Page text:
When Mike Richardson exploded onto the fairly limited Fes dining scene in 2007, he took the medina by storm. Suddenly there was someplace where locals, tourists, and a handful of resident expats could convene. They came to view exhibitions by up-and-coming young artists, to hear Sunday sunset concerts featuring the likes of Houariyat—an all-female drumming band—and to tuck into the café's legendary camel burger. All these attractions are still going strong, but Clock has expanded and begun offering excellent traditional-cooking classes, and holds movie nights in a screening room furnished with vintage cinema seats. It now also has a sibling in Marrakech and another soon to open in Chefchaouene, and a country cousin in the Scorpion House in Moulay Idriss, which you can book for private lunches. If all this doesn’t whet your appetite at least come at brunch for the best coffee and Berber eggs in town.
Quirks Galore at Café Clock in the Fes Medina
It’s a long, fragrant walk through the food markets to Café Clock before you duck into an unassuming alley that leads you up to this eccentric little haven. Tour the three-story townhouse before you settle on a spot; each turn reveals something new and unexpected: decor ranges from a brass-horn chandelier to a collection of fez hats hanging on the wall to graffiti adorning the wall of a tiny cinema. The menu serves everything from quinoa and tofu (good luck finding that anywhere else in the medina) and grilled chicken sandwiches to — for the more adventurous palates — a camel burger. On any given night of the week, there will be concerts, movie screenings, folk-art lessons, henna classes. It’s a gathering ground for tourists and locals alike — OK fine, when we went it was predominantly tourists, but we also chatted with a few employees who were hanging out there on their day off. Have you ever wanted to chill in your place of employment when you didn’t have to? I didn’t think so.
Down a Dark Alley Deep in the Medina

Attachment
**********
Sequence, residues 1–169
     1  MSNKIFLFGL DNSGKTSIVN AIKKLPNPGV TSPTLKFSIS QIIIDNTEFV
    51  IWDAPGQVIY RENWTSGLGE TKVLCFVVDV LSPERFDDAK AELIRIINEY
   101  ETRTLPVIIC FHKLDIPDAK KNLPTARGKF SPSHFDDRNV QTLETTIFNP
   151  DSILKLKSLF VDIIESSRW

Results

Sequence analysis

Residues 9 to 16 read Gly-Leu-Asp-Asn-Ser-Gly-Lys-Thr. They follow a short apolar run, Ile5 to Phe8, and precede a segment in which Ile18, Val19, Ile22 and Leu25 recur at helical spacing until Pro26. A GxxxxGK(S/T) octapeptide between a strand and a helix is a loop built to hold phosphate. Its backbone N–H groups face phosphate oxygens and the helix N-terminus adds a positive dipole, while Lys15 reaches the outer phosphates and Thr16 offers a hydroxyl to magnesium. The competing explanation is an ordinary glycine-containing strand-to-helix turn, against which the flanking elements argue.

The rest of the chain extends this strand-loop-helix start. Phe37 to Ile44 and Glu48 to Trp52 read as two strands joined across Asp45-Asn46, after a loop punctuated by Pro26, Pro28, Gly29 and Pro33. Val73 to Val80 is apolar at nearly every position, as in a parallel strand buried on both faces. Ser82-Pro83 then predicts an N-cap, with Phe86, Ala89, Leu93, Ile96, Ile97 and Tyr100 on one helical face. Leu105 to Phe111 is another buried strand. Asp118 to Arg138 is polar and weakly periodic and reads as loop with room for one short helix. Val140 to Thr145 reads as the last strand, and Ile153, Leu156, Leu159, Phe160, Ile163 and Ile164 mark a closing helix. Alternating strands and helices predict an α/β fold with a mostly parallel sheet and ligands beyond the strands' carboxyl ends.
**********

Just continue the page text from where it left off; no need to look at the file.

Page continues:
At first glance, the narrow alley you have to maneuver to get to Café Clock -- does not look advisable. In fact, while walking down the path, I remarked to my friends, “This looks like a place in which we might find weed for sale.” Yet the best adventures often begin in such a manner. You will feel glad for the thickness of the Riad walls that house the café, it’s a break from the sensory overload that is Fes. The staff is young, fluent in three languages and enthusiastic. Even kind. It’s another variation from the world outside. Decor reflects the history of Morocco while also representing those who visit. There’s a mannequin keeping watch high up on the wall, dressed in the robe of an Arab princess, and horns hang upside down forming a sort of chandelier between the three levels of the cafe. Food is fresh, made to order, again representing both Morocco and foreign palates. There’s a small movie theater that plays local films on Tuesday evenings and western films on Fridays. Make your way up top to the roof terrace and you have the perfect spot to relax for sunset. There are yoga lessons available, henna application and the chance to hire a local guide. Café Clock is nothing like the rest of Fes, and that’s not a bad thing! Breakfast is served all day, WiFi is free and jewelry is for sale handmade by the female staff; there’s even a cookbook you can take home that compiles classic Moroccan recipes, with a twist. (Perfect souvenir for mom, or your favorite chef!)
Fes' Best Kept Secret?
In the middle of the chaotic, restless and quirky medina of Fes rises a tall, unassuming (in true Moroccan fashion) building that would be the answer to what I precisely needed that day. Calmness. A short parenthesis from the bustling outside world. Spread out on three different levels with each 2-3 different rooms, including a lovely rooftop terrace that overlooks the medina, Café Clock is one of the funkiest cafés I have ever been in, and it was never more welcome. While still very Moroccan, with its hues of brown and ornate carvings, the café is also home to many funky works of art, starting with the gorgeous central chandelier. What makes this place so special, outside its beautiful and modern setting, is its menu. Exit tagines and couscous. At Café Clock, you can eat grilled veggies sandwiches, milkshakes, hummous, falafels, pancakes and other delicious delicacies. And even if you aren’t particularly hungry, thirsty or in need of a break, Café Clock has something to offer - namely, free wifi, cooking, calligraphy, yoga and dance classes, concerts, and movie showings, to name but a few. Morocco is an incredible country, and the Fes medina does not disappoint - but sometimes, all a girl needs is free wifi and a decadent chocolate milkshake away from the hustle. And Café Clock is just the perfect place for that.